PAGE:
Do divorce laws allow a divorce attorney to withdraw from your case at any time?
I’ve had a lawyer representing me for two years and suddenly he filed with the court a plea to withdraw as my attorney. I do owe him some money, but not a significant amount and I’ve already poured thousands of dollars into this case.
I don’t have money for another divorce lawyer and I know representing myself pro se is not the best idea.
Will the judge allow my attorney to just walk away after all the attorney fees I paid and right in the middle of my case?
I am only licensed to practice law in Illinois so I cannot offer legal advice on divorce on the laws in other states. However, I can provide you with a general overview regarding what your options are when you are unsatisfied with your attorney’s representation.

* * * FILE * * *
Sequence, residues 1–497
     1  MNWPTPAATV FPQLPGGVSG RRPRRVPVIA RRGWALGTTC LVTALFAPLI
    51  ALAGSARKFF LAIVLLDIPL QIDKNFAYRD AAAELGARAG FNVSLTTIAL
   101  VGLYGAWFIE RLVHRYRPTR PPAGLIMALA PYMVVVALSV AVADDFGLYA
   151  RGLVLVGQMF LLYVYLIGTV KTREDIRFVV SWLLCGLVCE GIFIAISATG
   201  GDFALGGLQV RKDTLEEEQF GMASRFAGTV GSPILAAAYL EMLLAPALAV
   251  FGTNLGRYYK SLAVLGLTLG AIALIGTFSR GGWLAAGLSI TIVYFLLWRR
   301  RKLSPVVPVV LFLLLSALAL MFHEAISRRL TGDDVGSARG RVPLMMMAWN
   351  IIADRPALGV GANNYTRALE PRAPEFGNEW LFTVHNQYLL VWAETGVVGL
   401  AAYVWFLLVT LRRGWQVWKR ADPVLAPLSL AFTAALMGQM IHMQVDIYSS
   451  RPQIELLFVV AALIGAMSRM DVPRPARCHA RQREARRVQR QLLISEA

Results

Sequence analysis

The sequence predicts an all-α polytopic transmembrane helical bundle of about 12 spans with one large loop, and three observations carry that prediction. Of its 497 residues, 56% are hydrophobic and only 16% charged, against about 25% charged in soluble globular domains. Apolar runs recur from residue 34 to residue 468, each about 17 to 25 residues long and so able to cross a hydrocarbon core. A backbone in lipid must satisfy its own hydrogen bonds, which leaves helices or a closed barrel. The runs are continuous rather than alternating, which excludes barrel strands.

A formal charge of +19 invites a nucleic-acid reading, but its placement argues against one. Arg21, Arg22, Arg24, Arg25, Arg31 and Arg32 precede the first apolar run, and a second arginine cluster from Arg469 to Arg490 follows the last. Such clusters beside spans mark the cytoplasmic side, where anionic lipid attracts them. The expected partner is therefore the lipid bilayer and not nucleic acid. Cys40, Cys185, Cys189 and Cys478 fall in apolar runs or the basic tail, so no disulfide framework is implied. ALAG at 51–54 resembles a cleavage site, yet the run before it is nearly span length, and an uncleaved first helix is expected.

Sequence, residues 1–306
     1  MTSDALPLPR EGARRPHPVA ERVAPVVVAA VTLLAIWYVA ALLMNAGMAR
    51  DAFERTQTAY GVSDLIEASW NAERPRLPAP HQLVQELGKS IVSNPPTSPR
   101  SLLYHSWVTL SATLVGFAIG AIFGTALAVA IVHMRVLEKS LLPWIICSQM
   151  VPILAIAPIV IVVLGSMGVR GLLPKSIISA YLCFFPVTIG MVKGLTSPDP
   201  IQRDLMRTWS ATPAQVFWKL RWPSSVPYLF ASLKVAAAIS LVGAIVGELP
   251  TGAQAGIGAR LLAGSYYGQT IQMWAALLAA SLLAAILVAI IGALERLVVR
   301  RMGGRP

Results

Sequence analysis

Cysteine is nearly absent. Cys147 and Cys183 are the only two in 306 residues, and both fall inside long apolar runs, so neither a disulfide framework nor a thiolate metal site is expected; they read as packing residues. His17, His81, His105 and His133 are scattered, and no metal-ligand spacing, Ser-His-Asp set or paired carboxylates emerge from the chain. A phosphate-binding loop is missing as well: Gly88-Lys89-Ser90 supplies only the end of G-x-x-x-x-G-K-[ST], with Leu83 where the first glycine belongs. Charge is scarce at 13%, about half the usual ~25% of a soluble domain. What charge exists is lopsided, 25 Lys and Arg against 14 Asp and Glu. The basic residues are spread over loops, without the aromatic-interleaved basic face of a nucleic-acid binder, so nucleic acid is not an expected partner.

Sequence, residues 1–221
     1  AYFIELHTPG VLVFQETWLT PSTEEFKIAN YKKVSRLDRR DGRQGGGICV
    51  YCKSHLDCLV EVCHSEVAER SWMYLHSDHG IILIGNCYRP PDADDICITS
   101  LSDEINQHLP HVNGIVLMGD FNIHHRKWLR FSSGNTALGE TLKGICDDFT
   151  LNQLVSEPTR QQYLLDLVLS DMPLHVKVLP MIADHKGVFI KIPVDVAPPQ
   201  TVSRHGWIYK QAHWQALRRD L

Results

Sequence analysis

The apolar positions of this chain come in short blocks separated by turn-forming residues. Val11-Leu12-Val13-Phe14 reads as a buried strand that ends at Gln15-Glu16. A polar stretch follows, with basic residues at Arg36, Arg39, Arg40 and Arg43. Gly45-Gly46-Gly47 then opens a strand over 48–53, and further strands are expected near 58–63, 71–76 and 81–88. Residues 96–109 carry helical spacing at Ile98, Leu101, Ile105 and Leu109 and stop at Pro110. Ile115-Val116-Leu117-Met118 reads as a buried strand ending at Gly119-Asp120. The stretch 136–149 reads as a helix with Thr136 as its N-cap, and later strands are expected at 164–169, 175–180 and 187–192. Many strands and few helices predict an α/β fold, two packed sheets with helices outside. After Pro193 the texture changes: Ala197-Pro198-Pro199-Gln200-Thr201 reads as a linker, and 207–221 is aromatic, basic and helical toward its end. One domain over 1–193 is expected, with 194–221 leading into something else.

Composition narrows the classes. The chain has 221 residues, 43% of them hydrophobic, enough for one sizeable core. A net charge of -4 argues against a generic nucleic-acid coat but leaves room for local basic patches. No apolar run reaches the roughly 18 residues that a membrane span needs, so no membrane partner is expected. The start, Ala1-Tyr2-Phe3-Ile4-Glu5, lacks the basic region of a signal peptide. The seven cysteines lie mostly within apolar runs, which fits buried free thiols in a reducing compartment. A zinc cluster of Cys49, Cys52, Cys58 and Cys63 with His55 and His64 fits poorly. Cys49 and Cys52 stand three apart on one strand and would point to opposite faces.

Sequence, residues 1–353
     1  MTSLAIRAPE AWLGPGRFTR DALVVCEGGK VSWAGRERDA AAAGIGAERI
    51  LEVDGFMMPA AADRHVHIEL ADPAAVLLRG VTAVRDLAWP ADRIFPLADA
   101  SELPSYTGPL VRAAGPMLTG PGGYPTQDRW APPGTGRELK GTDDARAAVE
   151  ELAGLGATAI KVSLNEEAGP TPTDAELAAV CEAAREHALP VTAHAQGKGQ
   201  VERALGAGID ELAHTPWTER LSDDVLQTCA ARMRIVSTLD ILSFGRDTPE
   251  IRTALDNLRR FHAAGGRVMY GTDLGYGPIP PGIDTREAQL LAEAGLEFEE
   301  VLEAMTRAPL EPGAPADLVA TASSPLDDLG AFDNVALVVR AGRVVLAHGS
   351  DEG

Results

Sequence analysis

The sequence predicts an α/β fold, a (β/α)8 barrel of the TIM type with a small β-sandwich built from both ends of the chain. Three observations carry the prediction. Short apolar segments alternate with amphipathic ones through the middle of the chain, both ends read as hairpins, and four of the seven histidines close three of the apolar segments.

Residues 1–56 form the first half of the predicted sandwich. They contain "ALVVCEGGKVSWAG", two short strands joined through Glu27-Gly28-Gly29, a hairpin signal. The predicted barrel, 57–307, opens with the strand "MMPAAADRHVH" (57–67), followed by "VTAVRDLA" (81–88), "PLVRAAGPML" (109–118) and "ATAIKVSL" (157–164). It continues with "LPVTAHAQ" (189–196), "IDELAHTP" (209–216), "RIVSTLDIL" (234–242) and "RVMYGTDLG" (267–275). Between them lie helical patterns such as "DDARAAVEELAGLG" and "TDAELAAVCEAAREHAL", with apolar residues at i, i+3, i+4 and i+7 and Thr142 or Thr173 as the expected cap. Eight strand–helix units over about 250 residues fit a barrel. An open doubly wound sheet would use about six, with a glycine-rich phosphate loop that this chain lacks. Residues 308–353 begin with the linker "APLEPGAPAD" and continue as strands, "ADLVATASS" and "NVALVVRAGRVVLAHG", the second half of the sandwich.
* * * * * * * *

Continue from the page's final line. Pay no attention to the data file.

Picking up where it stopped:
Your retainer agreement most likely contains a provision that your attorney has the right to withdraw from your case for nonpayment.
However, unless you consent to the withdrawal, the attorney must obtain the court’s permission before withdrawing from your case.
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The attorney will need to file a motion and have a hearing on the issue of withdrawal. You may be present at the hearing to advise the judge as to your objection to the withdrawal and the judge will then decide whether to allow the attorney to withdraw from your case.
The attorney’s request to withdraw may be denied by the court if the granting of it would delay the trial of the case, or would otherwise be inequitable.
I understand that a divorce can be an expensive and stressful process, and that a judge’s ruling may not always seem fair. If your attorney is granted permission to withdraw from your case, you should contact a qualified domestic litigation firm, such as Cordell & Cordell, to review what has been done in your case thus far, and determine what needs to be done going forward.